Grower fined $6000 after massive tobacco leaf find
Just as tobacco prices are about to soar, a 60-year-old Motueka man has been fined $6000 in the Auckland District Court for its unlawful manufacture.
Lawrence Reginald Jury was yesterday found guilty to being a party to the unlawful manufacturing of tobacco in breach of the Customs and Excise Act 1996.
In May 2010, a search warrant was executed at Jury’s address in Motueka.
Customs officers found 4790kg of tobacco leaf which, at the time, represented just under $2 million in revenue if the tobacco leaf had been manufactured.
Customs manager Shane Panettiere says the trial outcome is a real achievement for Customs and the officers who put their time and effort into the case.
“Our officers have worked tirelessly in putting this case together and their determination and hard work have paid off.
“Mr Jury was providing flue-cured leaf to an individual who he knew was unlawfully manufacturing tobacco. This is a criminal offence.
"There are rules around manufacturing tobacco and Mr Jury grew, harvested, flue-cured and sold it knowing that those rules would not be followed,” Mr Panettiere said.
Wellsford man Ross Ferguson (64) was also convicted and fined $1500 for unlawfully manufacturing tobacco with Jury.
Ferguson drove from Wellsford to Motueka to buy the tobacco from Jury, which he loaded onto his trailer before returning north with it.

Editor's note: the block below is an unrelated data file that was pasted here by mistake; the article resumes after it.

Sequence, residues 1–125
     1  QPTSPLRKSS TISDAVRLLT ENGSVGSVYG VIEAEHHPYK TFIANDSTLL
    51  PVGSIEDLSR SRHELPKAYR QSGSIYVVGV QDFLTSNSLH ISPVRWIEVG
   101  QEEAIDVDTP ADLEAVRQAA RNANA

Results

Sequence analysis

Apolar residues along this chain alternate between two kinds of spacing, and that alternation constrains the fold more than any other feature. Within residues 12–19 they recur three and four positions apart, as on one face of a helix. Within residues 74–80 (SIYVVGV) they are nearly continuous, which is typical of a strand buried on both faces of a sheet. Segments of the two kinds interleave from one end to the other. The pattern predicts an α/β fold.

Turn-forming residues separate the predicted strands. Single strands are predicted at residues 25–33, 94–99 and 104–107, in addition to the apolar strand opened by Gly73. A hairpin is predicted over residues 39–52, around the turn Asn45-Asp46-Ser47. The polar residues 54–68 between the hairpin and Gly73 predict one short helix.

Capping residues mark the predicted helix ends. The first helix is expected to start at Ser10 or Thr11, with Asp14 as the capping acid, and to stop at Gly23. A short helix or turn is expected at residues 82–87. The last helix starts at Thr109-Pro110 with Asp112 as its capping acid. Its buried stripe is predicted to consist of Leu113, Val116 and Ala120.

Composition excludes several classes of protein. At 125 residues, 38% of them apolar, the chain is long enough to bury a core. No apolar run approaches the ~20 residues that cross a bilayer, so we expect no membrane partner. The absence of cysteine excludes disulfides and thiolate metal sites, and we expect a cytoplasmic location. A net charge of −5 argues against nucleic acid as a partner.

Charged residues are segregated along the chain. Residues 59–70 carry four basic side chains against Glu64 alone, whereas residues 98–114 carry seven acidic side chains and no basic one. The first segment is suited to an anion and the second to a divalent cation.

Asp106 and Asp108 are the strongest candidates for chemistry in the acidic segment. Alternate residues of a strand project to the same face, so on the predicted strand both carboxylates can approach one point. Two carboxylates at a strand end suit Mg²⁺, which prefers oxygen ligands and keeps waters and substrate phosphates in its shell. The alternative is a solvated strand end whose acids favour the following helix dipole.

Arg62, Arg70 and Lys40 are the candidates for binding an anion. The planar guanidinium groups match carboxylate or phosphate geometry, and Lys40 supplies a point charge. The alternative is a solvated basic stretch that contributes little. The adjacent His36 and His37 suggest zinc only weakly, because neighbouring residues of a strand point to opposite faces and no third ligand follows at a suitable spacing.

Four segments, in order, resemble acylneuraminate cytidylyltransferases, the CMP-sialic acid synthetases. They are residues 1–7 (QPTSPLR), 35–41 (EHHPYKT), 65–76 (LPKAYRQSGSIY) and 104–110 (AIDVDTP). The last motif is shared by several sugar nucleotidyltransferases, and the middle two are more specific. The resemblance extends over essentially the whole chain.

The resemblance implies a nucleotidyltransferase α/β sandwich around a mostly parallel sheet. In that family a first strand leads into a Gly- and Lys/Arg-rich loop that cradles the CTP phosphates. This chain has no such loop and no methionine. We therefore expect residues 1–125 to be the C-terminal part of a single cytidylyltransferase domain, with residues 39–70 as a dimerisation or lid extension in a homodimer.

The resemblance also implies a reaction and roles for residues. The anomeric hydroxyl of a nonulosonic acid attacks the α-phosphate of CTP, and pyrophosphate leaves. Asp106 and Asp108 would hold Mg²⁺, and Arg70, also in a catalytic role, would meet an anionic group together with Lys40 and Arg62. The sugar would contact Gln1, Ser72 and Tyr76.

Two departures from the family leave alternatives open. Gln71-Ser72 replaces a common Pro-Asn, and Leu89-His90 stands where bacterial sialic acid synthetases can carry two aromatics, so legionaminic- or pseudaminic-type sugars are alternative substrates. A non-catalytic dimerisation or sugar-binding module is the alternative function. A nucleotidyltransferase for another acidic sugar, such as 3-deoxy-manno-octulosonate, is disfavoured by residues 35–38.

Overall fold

In 2007, Jury was convicted for the unlawful manufacture of tobacco as a result of a previous Customs investigation.
It was announced in last month's Budget that the tobacco excise will increase by 10% a year during the next four years.
By 2016, a pack of 20 cigarettes will cost more than $20, an increase of about $5, while a packet of loose tobacco will climb to around $40.
The Budget has also allocated $20 million for a new fund, Pathway to Smoke-Free 2025.
There are requirements for manufacturing tobacco in New Zealand.
The premises must be licensed as a Customs controlled area, the tobacco produced is liable for excise duty and manufacturers must assist Customs on matters of audit and review.
Section 68A of the Customs and Excise Act allows individuals over 18 years of age to manufacture up to 15kg of tobacco annually exclusively for their own use providing they grow the tobacco at their place of residence.